Slow and Steady for Best Results

“Slow and steady wins the race” is the moral of Aesop’s fable entitled The Hare and the Tortoise.  This thinking also applies to raising a puppy and changing behaviors in an adolescent or adult dog.  Working with each individual animal’s temperament, learning strengths, motivators, emotional states, and thresholds is important in achieving reliable results.  It’s a process, so patience is required.

Use Your Dog’s Timetable

Socialization, training, de-sensitizing, and counter conditioning really happen on each dog’s own timetable.  We humans may want to impose ours, but that usually doesn’t work out so well and places undue stress on everyone.  Repeated exposure(to people, other animals, new places, and situations) with a structure and meaningful reinforcement erodes fear and builds confidence over time.  Puppies change with developmental periods into adolescence and early adulthood, which is a two-to-three year process.  Behavior changes for adult dogs can take six months or longer, depending on numerous factors.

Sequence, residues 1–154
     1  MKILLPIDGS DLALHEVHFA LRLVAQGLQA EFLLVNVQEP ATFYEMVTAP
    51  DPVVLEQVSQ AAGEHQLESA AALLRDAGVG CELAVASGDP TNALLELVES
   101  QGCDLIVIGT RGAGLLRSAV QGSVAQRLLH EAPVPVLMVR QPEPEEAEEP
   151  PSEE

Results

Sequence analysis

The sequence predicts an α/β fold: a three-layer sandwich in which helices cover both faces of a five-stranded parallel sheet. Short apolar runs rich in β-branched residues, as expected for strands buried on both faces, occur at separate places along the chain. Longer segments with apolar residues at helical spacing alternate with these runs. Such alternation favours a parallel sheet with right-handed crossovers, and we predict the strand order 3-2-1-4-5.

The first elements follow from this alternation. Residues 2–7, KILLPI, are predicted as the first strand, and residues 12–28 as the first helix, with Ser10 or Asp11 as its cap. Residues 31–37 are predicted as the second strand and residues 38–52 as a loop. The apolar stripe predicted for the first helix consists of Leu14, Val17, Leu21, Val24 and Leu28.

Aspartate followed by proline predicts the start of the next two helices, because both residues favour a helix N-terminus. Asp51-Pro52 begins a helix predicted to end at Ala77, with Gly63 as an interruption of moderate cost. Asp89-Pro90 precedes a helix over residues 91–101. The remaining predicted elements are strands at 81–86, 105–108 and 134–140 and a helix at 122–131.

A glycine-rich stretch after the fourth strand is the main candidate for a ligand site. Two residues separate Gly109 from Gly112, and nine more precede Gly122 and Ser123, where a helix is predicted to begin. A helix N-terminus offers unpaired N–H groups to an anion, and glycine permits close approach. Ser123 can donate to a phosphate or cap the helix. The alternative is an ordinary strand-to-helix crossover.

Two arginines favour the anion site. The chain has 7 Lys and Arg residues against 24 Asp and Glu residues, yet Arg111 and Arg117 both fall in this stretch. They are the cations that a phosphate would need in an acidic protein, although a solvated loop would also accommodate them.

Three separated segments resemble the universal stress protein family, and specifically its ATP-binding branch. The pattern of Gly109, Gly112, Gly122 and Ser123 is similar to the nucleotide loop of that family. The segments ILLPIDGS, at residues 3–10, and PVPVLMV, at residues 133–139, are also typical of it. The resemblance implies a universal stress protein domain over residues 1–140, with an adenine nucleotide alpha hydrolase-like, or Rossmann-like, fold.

“Listen” to Your Dog

Effective and humane behavior programs for all-age dogs work with distance and time frame thresholds, among others.  When you are rushing forward too fast, your dog will let you know.  Learn how to “listen” to him.

Many are puzzled when the dog is walking along and suddenly….stops.  Our natural human inclination is to coax her along.  After all, there is nothing to be afraid of.  Or is there?  What is your dog telling you?  This is a common occurrence for dogs who have experienced little of the world at large.  So much to unpack!  The most effective response for us humans is to, yes, give your dog a moment.  Listen to his need to mentally process his surroundings before proceeding.

Sit, Down, Stay

The “stay” cue is one of the most challenging in dog training.  It requires a high degree of emotional control and focus on the part of the dog AND a protocol on the part of the owner.  Each dog learns to maintain duration, accept distance, and tolerate distractions at his individual pace.  Reliability depends upon setting appropriate criteria for that animal, so the dog always earns the cookie!  This requires diligent training over time to generalize in all contexts and steadily make adjustments for success throughout age phases.  

Copyright © Kimberly B. Mandel  CPDT-KA, 2019  all rights reserved

Kimberly Mandel Canine Behavior and Training LLC